Group presentations and social events

o

At some groups, it is also a rule to give short presentation(s) for people within the group during the execution of the assignment.

o

The organisation of all events is strongly dependent of the size and culture within the group.

IMG_2901A

5.9.5 Completion of assignment

Course of actions

The final part of the graduation process consists of possible revising the draft version of the thesis, processing latest corrections and preparations of the Master Assignment colloquium. Once the thesis is finished and all master’s courses are completed, the final colloquium can be planned with the Master Assignment Committee. Furthermore, at least one month prior to the colloquium (excluding holidays), an application form for the master’s exam has to be signed by the professor and student, submitted to S&OA-TNW-BME and approved by the Board of Examiners. This period is required to comply with the meeting frequency of the Board of Examiners and is required for S&OA-TNW-BME to prepare a diploma.

When every requirement for graduation has been met, S&OA-TNW-BME will announce the colloquium at VIST and the BME website. S&OA-TNW-BME will give her consent and provide a list of grades. Students should check this grade list on correctness and completeness. This list can be adapted, only until a week before the colloquium and only based upon formal written evidence from grade slips, formal official grade lists by S&OA-TNW-BME and official e-mails by tutors. Additionally an electronic version of the final master’s thesis has to be handed over to S&OA-TNW-BME and a printed version to the the BME secretariat, minimally one week before the colloquium. These master theses are required for the accreditation of the study programme.

Master’s thesis

The thesis has to be in written English and should contain a summary in English and Dutch (also required for foreign students).

Structure:

o

The standard lay-out of the cover for BME master’s theses can be found on the BME website.

o

The number of theses to be printed has to be conferred with the tutor of the Master Assignment Committee.

o

Reproduction of the report (copying and binding) has to be conferred with the secretary of the research group.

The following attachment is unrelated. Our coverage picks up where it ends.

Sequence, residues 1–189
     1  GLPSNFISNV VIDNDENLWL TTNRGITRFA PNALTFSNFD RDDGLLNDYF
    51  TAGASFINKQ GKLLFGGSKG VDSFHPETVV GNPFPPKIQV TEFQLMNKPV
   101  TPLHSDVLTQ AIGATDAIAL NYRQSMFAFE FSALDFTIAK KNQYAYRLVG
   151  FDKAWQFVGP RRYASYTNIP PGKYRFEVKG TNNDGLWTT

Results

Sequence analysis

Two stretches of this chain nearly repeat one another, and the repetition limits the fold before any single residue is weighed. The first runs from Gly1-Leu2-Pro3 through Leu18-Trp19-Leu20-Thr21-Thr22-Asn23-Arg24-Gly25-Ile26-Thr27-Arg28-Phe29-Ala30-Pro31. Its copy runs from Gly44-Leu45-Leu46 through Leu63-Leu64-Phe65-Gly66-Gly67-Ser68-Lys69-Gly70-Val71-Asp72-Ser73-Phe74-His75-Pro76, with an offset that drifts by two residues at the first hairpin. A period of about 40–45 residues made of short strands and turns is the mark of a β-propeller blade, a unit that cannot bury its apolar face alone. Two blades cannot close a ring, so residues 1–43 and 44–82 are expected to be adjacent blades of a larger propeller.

o

An electronic version has to be handed over to S&OA-TNW-BME and a printed version to the BME secretariat

Points for evaluation:

o

Contents and structure;

o

Design;

o

Language and style;

o

Discussion and conclusion of results plus recommendations for future research;

o

References, list of symbols, description of the experimental set up, etc.

Colloquium

During the final presentation, the texts on the sheets need to be in English to accomodate foreign group members and students. The language of the presentation is preferably English, but depends on the composition of the research group. The student can consult the professor on this matter. The oral presentation is in the first place meant for the scientific members of the research group (and possibly the research partners or clients) and in second place for other interested parties such as fellow students, family, etc. The speaking time should be approximately 30 minutes, the defence afterwards approximately 10 minutes.

Arrangements:

o

The student is responsible for planning the colloquium with all committee members on a time at which no other meetings of the research group are planned. The latter can be consulted with the secretary of the research group.

o

A location for the colloquium can be arranged after consent of S&OA-TNW-BME. All courses have to be completed, otherwise presentation of the diploma is not possible! Along with the formal application for the master’s exam, the arrangements for the colloquium can be made. On the application form, the estimated number of attending persons and preference for location have to be indicated.

o

The student is responsible for the presence of required presentation material (beamer, pointers, lights, etc.) at the arranged location for presentation. This should be checked well in advance. Consult the secretary of the group.

Points for evaluation: